January 20, 2010
Since the introduction of the common currency, the 16 member countries, that have presently adopted the Euro, form an informal group within the EU institutional framework where they discuss their specific concerns on monetary and fiscal policies. This has often been very useful. The Lisbon Treaty has therefore formally confirmed the Euro group.
Backed by this innovation, Jean-Claude Juncker, its just reconfirmed chairman, has launched three initiatives to enhance the standing of the Euro-group:
· A secretariat,
· A seat in the G 20,
· The possibility for several or all member states to emit Eurobonds.
None of these three initiatives seems very attractive. None of them would help to advance the EU policy-wise.
First, the Euro-group should not try to turn into “bureaucratic machinery” within the EU. It is not meant to prepare policy papers or adopt formal decisions. By 2020 almost all EU countries, with the possible exception of the UK, should be expected to have introduced the Euro. That should remain the overriding objective of the EU. A Secretariat would give undue importance to an “institution” that should disappear as soon as possible.
Second, the idea of giving the Euro group a status in the G 20 is even more abstruse. The G 20 mission is much broader than monetary or fiscal policy. To the annoyance of other members Europe disposes already of five seats at the G 20 (ECB/Commission, France, Germany, Italy, and UK). When issues of money and finance are discussed in the G 20 the ECB president and the Commissioner for Economics and Finance are the best placed to defend the interests of EU member inside and outside the eurozone. It is strategically much more important to fight for a single EU seats than spoil any energy for an additional seat for the eurozone, which will not be appreciated by our partners.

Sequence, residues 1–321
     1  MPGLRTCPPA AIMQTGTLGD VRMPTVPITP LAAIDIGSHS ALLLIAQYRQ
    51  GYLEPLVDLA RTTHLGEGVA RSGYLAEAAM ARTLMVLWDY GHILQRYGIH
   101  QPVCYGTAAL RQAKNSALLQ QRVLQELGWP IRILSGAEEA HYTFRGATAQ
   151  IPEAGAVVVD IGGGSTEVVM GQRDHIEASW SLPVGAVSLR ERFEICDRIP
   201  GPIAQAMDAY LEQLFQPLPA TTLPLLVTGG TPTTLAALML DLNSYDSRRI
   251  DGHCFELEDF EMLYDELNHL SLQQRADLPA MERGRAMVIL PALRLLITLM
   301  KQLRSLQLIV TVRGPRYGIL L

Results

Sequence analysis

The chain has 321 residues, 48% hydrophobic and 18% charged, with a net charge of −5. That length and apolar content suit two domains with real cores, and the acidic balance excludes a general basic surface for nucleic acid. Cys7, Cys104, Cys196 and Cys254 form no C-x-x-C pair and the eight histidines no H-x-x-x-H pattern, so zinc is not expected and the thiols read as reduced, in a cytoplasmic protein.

Thirdly, the suggestion for several Euro group countries to jointly emit bonds does not seem be more acceptable. Certainly, it would make sense for countries with a weak credit rating. But why should a country with AAA rating join hands with a BBB country to obtain funding in the European bond market?
In conclusion, Jean-Claude Juncker has done excellent work for the EU in the past. He should continue to do so in future, but beware of overstepping his limits.
Brussels, 18.01. 10 Eberhard RheinAuthor : Eberhard Rhein